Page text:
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Monday, December 14, 2009

All work and no play

I was just reading over some of my previous posts, when I suddenly realised:

They are really boring.

Useful - I hope - to those of you who are interested in building humanoid robots, but probably not that exciting to read.

There were two reasons I decided to create this blog. Firstly, I wanted to have what I have just now decided should be called a "blogbook". This is a collection of my notes on the project of writing software for my humanoid robot, so that I can refer back to it when I forget something, or at least a space where I can get my thoughts to sit down and stay in one place. Making it avaliable online adds the important contribution of allowing other people to read about my mistakes, and how not to make them.

The second reason for starting this blog is that I find humanoid robots completely fascinating. I find that enthusiasm is contagious - everyone has a favourite science/music/drama teacher who was so passionate and dedicated to their subject that they made learning something you wanted to do. I hope that reading about my endeavours will encourage more people to learn about robots and the field of mechatronics. Perhaps you will start your own robotics project.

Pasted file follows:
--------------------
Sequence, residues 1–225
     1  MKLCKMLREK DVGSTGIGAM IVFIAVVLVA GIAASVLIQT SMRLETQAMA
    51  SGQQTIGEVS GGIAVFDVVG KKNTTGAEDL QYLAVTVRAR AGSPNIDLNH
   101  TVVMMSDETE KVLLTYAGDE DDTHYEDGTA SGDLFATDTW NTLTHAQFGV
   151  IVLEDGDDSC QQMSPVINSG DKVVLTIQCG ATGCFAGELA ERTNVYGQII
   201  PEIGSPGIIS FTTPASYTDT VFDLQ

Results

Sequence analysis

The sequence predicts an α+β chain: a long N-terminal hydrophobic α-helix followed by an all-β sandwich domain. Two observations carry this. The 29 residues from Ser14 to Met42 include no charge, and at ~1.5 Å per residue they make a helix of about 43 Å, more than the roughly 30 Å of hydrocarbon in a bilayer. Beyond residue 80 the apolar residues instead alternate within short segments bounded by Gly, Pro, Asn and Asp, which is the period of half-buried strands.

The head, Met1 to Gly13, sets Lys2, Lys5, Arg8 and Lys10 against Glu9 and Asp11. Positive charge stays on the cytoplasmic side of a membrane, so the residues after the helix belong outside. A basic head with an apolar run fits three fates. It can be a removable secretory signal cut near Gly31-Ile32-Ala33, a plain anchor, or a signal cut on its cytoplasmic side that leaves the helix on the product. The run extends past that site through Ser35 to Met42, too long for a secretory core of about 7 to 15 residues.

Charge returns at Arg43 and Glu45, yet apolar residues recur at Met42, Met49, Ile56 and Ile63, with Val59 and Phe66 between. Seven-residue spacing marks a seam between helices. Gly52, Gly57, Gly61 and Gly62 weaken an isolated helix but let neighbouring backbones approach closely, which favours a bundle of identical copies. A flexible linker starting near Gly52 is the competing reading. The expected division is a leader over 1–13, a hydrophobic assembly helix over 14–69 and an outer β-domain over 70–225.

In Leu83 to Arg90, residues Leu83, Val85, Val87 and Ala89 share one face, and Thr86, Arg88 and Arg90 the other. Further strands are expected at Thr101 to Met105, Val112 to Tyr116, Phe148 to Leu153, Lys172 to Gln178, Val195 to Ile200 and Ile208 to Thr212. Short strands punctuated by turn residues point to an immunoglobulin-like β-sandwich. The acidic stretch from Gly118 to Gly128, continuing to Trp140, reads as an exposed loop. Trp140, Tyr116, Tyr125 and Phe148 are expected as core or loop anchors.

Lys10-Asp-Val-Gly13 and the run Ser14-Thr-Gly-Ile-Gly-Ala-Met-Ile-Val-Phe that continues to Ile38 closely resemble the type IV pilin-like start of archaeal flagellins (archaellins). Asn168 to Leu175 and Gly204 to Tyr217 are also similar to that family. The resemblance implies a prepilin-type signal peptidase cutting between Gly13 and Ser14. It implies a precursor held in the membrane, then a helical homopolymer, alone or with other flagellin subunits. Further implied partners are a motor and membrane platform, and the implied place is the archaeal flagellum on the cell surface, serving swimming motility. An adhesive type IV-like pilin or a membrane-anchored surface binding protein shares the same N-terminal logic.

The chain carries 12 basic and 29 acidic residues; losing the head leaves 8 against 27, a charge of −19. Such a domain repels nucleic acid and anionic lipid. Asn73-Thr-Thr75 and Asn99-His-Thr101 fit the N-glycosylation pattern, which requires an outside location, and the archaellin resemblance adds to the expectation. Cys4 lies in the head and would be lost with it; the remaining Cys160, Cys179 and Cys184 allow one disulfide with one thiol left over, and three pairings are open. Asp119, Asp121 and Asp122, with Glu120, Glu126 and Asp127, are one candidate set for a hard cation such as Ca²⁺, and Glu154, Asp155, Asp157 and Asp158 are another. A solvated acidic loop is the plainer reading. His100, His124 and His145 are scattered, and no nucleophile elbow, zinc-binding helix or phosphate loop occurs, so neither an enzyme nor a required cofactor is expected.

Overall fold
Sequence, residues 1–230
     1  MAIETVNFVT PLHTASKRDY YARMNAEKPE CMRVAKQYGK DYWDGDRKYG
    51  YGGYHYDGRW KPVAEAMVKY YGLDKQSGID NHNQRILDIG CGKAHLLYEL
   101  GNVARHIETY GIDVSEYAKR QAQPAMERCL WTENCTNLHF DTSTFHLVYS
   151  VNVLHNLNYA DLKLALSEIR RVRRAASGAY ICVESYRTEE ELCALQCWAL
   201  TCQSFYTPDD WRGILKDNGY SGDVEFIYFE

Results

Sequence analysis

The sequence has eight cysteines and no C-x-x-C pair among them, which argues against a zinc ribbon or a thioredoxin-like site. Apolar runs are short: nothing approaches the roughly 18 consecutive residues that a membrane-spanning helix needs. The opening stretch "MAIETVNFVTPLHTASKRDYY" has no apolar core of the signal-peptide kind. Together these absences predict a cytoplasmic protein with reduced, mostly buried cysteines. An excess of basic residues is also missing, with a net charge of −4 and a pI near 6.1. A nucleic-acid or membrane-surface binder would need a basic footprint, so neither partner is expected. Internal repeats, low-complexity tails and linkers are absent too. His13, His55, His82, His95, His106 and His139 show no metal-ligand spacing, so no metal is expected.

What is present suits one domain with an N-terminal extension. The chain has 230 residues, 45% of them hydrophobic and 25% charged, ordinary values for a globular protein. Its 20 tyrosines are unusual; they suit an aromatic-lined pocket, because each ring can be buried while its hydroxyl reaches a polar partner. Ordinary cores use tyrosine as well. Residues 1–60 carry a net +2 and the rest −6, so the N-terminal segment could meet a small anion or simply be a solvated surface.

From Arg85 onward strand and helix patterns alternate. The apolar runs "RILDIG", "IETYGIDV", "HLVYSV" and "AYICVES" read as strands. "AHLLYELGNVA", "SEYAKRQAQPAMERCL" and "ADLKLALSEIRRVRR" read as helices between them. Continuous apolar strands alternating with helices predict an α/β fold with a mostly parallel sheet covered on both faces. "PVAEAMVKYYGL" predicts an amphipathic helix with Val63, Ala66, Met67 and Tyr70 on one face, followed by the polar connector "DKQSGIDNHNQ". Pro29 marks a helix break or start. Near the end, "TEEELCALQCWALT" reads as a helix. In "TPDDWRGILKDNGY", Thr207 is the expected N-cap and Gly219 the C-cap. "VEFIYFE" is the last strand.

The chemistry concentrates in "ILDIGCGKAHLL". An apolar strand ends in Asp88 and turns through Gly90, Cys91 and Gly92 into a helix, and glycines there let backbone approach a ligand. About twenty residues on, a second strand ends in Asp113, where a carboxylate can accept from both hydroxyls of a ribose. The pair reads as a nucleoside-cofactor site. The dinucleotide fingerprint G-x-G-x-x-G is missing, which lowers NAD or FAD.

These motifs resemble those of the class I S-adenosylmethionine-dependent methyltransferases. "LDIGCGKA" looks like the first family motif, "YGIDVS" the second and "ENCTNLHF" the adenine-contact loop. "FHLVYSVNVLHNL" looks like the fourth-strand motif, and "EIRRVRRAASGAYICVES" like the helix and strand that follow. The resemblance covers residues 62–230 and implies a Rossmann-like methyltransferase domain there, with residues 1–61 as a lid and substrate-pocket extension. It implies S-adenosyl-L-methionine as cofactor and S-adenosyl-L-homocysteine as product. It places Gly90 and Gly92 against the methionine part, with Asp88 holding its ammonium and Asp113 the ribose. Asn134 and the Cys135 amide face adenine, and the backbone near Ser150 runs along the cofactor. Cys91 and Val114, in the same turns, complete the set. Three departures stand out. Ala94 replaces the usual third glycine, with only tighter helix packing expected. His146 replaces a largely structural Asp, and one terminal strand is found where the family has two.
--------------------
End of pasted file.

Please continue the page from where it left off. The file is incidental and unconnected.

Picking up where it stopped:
Up until now, most of the posts have fallen very much into the former category, so the remainder of this post is dedicated to the latter. Lets look at some cool robots!



First up, we have HINA by mujaki. I personally love this video - when I first saw it, it set my imagination on fire. All of the servos and parts are completley custom made, and it reminds me of Plum and Kotoko from Chobits. Not only does it bridge the uncanny valley most successfully, but the video demonstrates exactly why we all should want a tiny robotic servant within the next 10 years.



The red robot is an early version of Omni Zero - before he put on all that weight. I find it interesting the way that he jogs in place, which I assume is a method of getting feedback for him to have dynamic balance. The best thing about Robo-one is that it tackle's the problem of bipdeal robots so casually - for decades, the problem of humanoid robotics seemed unsolvable, but now it's progressed to the level that robots can not only walk - they can wrestle.

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